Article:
TIME TO RE-MAKE MANUFACTURING'S IMAGE?
"A manufacturing panel and look at our gender make-up."
Rosa Wilkinson, of the High Value Manufacturing Catapult, made the observation during a panel debate on The Future of Making Things on Day Five of the International Business Festival.
She was one of three women joined by Siemens UK business manager Simon Keogh for the discussion, led by BBC Business Editor and Manufacturing Day host Simon Jack. And discussion about diversity and creativity in the sector was to prove a recurring theme on another fascinating day at Exhibition Centre Liverpool.
As Royal Academy of Engineering chief executive Dr Hayaatun Sillem put it during her session on Thinking Like An Engineer, if you did a Google image search for 'engineer', the results would offer mostly white men in hats and jackets. "And you will find more diversity in the hats and jackets than in the people wearing them," she added.
Dr Sillem said that "horribly outdated views" about the profession were acting as a barrier to many prospective employees. This was exacerbating an annual shortfall of 59,000 engineers and technicians experienced by British firms, she said, adding: "A lack of access to skills is putting a brake on their productivity."
Dr Sillem was later joined by Cobra Beer founder Lord Bilimoria, who argued passionately for manufacturing to be recognised for its creativity. How could the word be "wrestled away" from the creative industries such as music and arts, he wondered.
He remembered his creativity being suppressed as a child but said: "When I started Cobra Beer and became an entrepreneur, I realised I was creative and that it was the number one skill I needed. If we can encourage our children in primary school to be creative... wow!"
The peer added that the impact on GDP would be noticed in the years ahead. He argued that the UK needed to "set its priorities straight" by prioritising manufacturing and investing more in research and development.
"Britain is so fantastic, we take it for granted," he said.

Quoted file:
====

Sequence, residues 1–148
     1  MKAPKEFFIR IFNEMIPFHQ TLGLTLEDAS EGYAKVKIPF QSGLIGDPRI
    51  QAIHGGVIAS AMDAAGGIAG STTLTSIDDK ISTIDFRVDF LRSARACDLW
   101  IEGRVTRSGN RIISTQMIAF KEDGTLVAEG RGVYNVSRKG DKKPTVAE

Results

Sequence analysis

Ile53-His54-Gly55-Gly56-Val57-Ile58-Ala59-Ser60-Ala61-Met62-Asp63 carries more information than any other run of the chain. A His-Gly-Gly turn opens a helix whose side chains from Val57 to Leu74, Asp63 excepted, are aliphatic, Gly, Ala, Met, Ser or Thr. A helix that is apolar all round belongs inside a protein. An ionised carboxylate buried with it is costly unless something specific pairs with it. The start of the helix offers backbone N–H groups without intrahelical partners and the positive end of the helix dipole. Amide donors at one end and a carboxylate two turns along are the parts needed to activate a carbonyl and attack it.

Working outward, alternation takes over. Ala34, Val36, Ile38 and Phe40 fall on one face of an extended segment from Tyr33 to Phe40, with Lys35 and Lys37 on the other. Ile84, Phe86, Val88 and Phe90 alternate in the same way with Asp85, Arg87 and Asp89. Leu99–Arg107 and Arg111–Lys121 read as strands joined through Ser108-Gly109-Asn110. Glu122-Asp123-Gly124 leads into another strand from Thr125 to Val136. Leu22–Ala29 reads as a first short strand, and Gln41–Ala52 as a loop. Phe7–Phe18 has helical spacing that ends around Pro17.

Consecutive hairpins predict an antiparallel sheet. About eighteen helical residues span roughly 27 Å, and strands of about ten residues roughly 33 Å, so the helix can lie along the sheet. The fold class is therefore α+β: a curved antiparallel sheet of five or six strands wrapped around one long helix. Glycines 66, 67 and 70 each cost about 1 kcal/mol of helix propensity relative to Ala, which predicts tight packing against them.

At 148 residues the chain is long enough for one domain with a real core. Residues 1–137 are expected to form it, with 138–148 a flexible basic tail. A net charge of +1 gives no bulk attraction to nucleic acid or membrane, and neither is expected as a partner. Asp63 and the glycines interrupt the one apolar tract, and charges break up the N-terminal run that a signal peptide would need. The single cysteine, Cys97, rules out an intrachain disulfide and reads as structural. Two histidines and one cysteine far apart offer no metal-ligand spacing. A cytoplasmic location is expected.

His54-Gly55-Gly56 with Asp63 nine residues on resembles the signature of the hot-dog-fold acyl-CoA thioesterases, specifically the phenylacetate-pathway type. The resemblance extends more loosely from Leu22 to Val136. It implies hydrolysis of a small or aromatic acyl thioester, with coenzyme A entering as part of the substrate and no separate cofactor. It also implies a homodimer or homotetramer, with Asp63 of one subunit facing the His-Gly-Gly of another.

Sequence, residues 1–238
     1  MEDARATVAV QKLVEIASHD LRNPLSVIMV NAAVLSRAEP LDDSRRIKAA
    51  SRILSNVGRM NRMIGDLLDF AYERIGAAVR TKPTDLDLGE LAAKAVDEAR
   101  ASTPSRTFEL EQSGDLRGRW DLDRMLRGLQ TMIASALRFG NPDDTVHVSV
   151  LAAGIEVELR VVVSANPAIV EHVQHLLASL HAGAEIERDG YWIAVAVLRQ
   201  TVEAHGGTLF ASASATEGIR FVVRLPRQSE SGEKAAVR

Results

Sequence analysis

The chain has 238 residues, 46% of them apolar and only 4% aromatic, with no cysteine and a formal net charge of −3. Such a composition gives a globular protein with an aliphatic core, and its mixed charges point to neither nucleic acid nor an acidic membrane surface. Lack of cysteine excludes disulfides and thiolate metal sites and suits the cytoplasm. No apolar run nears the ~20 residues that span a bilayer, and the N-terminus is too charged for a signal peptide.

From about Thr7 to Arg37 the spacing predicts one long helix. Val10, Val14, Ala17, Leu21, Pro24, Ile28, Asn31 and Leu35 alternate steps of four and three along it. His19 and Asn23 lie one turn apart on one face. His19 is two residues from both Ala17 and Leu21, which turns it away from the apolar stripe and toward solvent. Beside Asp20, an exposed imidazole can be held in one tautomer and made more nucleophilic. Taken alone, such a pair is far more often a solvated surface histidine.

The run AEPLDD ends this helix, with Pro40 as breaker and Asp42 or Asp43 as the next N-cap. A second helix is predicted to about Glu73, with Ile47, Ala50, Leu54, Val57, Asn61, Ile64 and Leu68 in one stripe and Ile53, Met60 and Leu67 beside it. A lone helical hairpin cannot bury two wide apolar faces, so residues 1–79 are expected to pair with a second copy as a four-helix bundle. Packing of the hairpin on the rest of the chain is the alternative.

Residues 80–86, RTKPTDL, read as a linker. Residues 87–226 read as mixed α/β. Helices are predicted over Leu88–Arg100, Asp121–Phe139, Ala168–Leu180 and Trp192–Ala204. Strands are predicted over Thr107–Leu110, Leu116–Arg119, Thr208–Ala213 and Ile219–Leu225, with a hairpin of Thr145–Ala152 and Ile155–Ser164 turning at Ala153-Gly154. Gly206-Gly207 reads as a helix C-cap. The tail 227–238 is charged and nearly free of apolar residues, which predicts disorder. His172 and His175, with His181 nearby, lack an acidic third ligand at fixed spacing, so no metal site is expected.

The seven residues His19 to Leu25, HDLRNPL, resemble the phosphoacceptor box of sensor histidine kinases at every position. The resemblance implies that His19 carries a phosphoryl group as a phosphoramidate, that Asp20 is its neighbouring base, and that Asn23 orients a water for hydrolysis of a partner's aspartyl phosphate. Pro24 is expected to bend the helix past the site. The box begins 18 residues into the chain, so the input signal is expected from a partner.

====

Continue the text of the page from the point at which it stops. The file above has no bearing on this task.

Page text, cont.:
The peer, a strong opponent of Brexit, described it as an "unmitigated disaster". And Simon Jack had touched on the subject in his World We're In introduction to the day.
"Some manufacturers have spent hundreds of millions of pounds they didn't want to spend on contingency. That money would have been much better spent on research and development," he said.
While many were pinning their hopes on the UK forging free trade agreements with non-EU countries post-Brexit, he pointed out there were no free trade agreement between Germany and its biggest trading partner, China.
"The observation I would make is free trade agreements don't matter that muhc when it comes to selling goods and services in markets. What matters is research and development, innovation, making stuff that other countries won't.
"In the current environment, productivity becomes less a desirable thing and more an essential one," he argued.
"You need to give workforces and your businesses the kit and skills to do a better job. It means you can pay the workforce more, their living standards go up, they pay more tax and through this productivity miracle, the wealth of citizens and nations is increased."
His words were perfect to tee up an afternoon session from Tony Danker, of the Be The Business campaign group, which campaigns to increase productivity.
He said the UK was hampered by bad management, unambitious leadership, fear of taking risks and people holding back from investing and exporting.
"If you are an accidental manager, take time out of your business to work on how to run it better," he told delegates.